Newly identified proteins as markers for the detection of prostate tumors, or as targets for their therapeutic treatment, affinity ligands capable of selectively interacting with said markers as well as methods for tumor diagnosis and therapy using the same.

Description

The present invention relates to newly identified proteins as markers for the detection of prostate tumors, or as targets for their treatment. Also provided are affinity ligands capable of selectively interacting with the newly identified markers as well as methods for tumor diagnosis and therapy using the same.

BACKGROUND OF THE INVENTION

Tumor Markers (or Biomarkers)

Tumor markers are substances that can be produced by tumor cells or by other cells of the body in response to cancer. In particular, a protein biomarker is either a single protein or a panel of different proteins, that could be used to unambiguously distinguish a disease state. Ideally, a biomarker would have both a high specificity and sensitivity, being represented in a significant percentage of the cases of given disease and not in healthy state.

Biomarkers can be identified in different biological samples, like tissue biopsies or preferably biological fluids (saliva, urine, blood-derivatives and other body fluids), whose collection does not necessitate invasive treatments. Tumor marker levels may be categorized in three major classes on the basis of their clinical use. Diagnostic markers can be used in the detection and diagnosis of cancer. Prognostics markers are indicative of specific outcomes of the disease and can be used to define predictive models that allow the clinicians to predict the likely prognosis of the disease at time of diagnosis. Moreover, prognosis markers are helpful to monitor the patient response to a drug therapy and facilitate a more personalized patient management. A decrease or return to a normal level may indicate that the cancer is responding to therapy, whereas an increase may indicate that the cancer is not responding. After treatment has ended, tumor marker levels may be used to check for recurrence of the tumor. Finally, therapeutic markers can be used to develop tumor-specific drugs or affinity ligand (i.e. antibodies) for a prophylactic intervention.

Currently, although an abnormal tumor marker level may suggest cancer, this alone is usually not enough to accurately diagnose cancer and their measurement in body fluids is frequently combined with other tests, such as a biopsy and radioscopic examination. Frequently, tumor marker levels are not altered in all of people with a certain cancer disease, especially if the cancer is at early stage. Some tumor marker levels can also be altered in patients with noncancerous conditions. Most biomarkers commonly used in clinical practice do not reach a sufficiently high level of specificity and sensitivity to unambiguously distinguish a tumor from a normal state.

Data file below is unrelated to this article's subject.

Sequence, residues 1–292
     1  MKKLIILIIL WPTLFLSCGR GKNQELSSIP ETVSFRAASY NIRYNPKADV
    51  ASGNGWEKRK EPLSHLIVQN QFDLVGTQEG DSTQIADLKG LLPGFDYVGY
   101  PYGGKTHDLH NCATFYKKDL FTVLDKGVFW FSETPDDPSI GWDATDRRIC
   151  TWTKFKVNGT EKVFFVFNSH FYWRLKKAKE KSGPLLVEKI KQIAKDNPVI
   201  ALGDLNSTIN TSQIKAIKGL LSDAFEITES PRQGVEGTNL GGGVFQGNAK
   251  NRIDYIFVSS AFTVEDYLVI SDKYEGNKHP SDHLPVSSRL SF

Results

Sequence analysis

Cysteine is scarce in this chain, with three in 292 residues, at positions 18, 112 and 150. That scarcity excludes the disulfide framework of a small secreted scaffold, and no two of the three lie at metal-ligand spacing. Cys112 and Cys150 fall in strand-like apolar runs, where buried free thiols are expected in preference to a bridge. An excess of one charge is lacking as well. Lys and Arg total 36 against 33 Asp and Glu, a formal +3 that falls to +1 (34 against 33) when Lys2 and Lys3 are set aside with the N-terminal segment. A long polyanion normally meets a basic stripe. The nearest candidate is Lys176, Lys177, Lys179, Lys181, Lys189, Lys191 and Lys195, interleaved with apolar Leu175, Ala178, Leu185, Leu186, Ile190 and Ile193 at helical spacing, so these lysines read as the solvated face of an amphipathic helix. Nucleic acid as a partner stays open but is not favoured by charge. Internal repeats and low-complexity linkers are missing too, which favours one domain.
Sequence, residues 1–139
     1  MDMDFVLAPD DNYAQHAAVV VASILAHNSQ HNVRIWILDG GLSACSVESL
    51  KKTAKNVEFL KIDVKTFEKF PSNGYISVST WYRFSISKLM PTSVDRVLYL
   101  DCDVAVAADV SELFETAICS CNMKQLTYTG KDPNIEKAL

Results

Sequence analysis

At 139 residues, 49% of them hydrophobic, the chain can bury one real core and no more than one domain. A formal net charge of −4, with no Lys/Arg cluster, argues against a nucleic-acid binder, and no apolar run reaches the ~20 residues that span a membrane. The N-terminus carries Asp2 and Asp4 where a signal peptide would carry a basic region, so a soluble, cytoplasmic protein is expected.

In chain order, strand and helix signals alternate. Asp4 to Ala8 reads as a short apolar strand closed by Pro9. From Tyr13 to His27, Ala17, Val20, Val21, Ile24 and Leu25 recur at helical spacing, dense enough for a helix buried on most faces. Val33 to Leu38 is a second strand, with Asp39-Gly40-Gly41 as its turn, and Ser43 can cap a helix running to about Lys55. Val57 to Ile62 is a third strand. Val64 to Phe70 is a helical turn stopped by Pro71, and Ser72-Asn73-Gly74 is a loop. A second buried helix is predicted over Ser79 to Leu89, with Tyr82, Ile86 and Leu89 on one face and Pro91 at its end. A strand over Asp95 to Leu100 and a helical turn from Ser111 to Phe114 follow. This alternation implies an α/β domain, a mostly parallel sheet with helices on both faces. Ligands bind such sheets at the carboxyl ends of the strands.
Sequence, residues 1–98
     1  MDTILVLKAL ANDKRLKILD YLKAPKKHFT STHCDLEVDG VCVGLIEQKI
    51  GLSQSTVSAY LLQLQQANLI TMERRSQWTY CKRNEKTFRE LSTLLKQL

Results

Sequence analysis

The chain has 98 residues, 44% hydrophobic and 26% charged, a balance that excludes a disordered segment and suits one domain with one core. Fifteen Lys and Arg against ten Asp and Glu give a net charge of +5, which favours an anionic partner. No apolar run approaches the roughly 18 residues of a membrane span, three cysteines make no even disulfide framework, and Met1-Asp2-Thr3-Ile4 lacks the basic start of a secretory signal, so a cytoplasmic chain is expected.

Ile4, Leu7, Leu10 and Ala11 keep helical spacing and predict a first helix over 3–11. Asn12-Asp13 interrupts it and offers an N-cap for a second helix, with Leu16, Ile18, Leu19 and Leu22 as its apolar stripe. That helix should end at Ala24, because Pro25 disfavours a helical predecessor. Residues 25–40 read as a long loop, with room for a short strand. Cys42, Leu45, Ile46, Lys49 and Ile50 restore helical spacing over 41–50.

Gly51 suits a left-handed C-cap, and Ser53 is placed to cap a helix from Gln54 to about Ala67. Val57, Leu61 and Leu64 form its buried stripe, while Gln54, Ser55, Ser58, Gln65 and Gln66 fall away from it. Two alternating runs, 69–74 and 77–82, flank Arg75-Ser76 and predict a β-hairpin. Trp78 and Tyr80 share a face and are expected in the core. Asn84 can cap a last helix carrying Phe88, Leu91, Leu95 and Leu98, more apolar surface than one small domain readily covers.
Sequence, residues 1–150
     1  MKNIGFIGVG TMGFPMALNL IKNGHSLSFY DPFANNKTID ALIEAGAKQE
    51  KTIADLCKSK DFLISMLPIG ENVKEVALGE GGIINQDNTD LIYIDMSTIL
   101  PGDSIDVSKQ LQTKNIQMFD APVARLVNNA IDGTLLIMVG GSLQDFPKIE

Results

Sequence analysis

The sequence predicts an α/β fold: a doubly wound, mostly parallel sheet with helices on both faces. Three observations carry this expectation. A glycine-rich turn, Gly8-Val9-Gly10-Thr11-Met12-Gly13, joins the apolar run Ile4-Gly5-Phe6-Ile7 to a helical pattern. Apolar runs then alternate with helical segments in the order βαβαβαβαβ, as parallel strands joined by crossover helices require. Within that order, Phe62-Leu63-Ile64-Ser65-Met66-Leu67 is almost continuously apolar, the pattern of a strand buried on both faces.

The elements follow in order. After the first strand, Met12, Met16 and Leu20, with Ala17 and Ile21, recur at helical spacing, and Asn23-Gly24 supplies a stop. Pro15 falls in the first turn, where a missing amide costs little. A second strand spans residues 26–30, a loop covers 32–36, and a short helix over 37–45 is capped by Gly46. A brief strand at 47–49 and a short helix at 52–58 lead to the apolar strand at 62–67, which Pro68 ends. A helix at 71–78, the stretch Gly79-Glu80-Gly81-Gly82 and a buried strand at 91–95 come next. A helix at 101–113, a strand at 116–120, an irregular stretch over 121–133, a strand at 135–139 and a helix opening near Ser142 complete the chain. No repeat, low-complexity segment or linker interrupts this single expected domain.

To date the number of markers that are expressed abnormally is limited to certain types/subtypes of cancer, some of which are also found in other diseases, www.cancer.gov/cancertopics/factsheet).

For instance, the human epidermal growth factor receptor (HER2) is a marker protein overproduced in about 20% of breast cancers, whose expression is typically associated with a more aggressive and recurrent tumors of this class.

Routine Screening Test for Tumor Diagnosis

Screening tests are a way of detecting cancer early, before there are any symptoms. For a screening test to be helpful, it should have high sensitivity and specificity. Sensitivity refers to the test's ability to identify people who have the disease. Specificity refers to the test's ability to identify people who do not have the disease. Different molecular biology approaches such as analysis of DNA sequencing, small nucleotide polymorphyms, in situ hybridization and whole transcriptional profile analysis have done remarkable progresses to discriminate a tumor state from a normal state and are accelerating the knowledge process in the tumor field. However so far different reasons are delaying their use in the common clinical practice, including the higher analysis complexity and their expensiveness. Other diagnosis tools whose application is increasing in clinics include in situ hybridization and gene sequencing.